Questions that will be addressed include: how are these legacies of empire still present in 21st century institutions? How have the colonial histories of Dutch universities influenced and contributed to lasting divides and inequalities regarding the development of higher education between global north and south? What colonial legacies of the Dutch and other empires are there to be found in universities in countries like Indonesia and Suriname? How can we engage in a sustainable decolonization of our institutions?
The workshop aims to bridge studies on the history of knowledge production, colonial histories and the histories of universities in the Netherlands. The workshop also wants to contribute to a broader discussion about the role of universities in post-colonial societies, both in the Netherlands and elsewhere, including issues connected to racial discrimination, diversity and inclusion. The second day of the workshop will therefore be aimed towards a broader audience of students and academics of different disciplines to address questions relating to the public relevance of these histories.
The workshop organizers encourage scholars from relevant fields to explore the institutional and epistemic histories of colonialism in relation to universities in the Netherlands but is open to those who explore similar themes in other knowledge spheres as well.
The keynote will be delivered jointly by Sabine Cadeau and Nicolas Bell-Romero, who both worked as research fellows at the University of Cambridge Legacies of Enslavement Inquiry.
We invite abstracts for papers covering any topic related to this theme, including, but not limited to the following:
- Colonial histories of specific faculties, disciplines and programmes of study
- Histories of universities in former Dutch colonies connected to the colonial period
- Histories focusing on the experiences and roles of foreign students at Dutch universities throughout the 20th century, but specifically during the colonial period
- Life histories of colonial and indigenous university teachers and administrators
- Histories of anti-colonial, anti-apartheid, student nationalist organizations
- Histories of decolonisation at universities
- Histories of slavery connected to universities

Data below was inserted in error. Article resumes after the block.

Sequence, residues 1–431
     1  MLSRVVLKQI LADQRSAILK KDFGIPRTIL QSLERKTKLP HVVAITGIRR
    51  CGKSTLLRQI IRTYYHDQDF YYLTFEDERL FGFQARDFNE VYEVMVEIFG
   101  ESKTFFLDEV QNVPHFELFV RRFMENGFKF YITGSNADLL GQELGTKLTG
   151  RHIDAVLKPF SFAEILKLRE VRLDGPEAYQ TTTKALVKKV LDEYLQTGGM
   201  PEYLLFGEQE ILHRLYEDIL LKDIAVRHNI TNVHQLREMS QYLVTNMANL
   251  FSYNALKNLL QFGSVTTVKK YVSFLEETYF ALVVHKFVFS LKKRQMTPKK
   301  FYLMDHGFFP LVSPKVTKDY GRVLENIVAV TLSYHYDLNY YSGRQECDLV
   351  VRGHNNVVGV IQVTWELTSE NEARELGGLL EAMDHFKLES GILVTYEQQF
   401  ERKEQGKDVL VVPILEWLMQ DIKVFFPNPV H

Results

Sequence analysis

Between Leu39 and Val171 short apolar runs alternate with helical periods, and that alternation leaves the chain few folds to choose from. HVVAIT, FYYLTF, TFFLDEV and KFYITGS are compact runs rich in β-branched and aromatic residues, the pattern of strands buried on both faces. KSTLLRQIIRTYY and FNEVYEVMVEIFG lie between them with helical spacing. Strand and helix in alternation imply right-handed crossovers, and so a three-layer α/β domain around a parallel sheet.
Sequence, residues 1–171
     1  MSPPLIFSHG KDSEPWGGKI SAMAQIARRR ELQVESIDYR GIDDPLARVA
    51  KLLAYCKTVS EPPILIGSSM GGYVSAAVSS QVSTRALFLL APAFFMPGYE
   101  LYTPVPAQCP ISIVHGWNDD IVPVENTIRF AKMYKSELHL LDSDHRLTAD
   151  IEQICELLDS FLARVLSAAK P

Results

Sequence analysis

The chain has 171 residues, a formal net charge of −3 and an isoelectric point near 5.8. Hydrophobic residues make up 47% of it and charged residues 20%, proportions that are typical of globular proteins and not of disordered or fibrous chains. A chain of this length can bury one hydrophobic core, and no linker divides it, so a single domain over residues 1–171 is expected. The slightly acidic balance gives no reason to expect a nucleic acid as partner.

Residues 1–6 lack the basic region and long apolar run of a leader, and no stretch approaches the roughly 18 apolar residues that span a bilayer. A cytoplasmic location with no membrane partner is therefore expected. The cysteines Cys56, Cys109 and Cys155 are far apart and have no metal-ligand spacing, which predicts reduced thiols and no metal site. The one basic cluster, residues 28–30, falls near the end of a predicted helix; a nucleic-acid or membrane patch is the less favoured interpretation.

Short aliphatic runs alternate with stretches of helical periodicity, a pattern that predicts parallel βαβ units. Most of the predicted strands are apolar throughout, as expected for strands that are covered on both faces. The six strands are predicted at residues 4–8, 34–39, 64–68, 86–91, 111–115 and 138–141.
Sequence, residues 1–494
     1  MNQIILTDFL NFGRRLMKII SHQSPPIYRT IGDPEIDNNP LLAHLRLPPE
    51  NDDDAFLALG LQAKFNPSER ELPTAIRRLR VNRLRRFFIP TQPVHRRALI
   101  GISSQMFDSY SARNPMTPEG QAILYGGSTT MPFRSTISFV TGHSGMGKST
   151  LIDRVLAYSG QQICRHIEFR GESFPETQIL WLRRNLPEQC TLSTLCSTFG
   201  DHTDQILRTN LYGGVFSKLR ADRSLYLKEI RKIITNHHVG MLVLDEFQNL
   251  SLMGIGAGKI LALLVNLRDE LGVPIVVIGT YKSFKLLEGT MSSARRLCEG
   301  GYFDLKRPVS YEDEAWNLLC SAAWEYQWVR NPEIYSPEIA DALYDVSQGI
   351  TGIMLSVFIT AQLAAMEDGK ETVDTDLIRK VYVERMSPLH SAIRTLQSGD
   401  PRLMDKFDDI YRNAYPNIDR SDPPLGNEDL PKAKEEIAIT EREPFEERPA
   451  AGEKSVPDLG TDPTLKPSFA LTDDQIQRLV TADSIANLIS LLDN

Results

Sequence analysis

- Histories of knowledge production in connection to universities and colonialism
- Histories of colonial connections between universities in the Netherlands and universities in other countries
- Histories of postcolonial or neo-colonial cooperation between universities in the Netherlands and the global south
- Financial histories of universities as connected to the colonial project\
- Role of universities in resource mobilization in, for example, mining or on plantations
- Academic heritage and the role of universities in collecting material and indigenous knowledge
- Histories of exclusion and racial discrimination at universities in the Netherlands and elsewhere
Based on the presentations and discussions of the workshop, we aim to bring together our findings in an edited volume/special journal issue exploring the colonial histories of Dutch universities. We also hope to explore possibilities to contribute to broader discussions about the role of universities in post-colonial societies, both in the Netherlands and elsewhere.
To apply, email firstname.lastname@example.org with the following attachments before January 19th:
- Title and abstract for proposed paper (max. 300 words)
- Name and affiliation (if any)
- Brief CV (max. 2 pages)
There is a small budget available for travel and/or accommodation for those in precarious academic positions. Please reach out to the organizers for more information about eligibility.
This workshop and the keynote is made possible thanks to the generous funding of Wageningen University & Research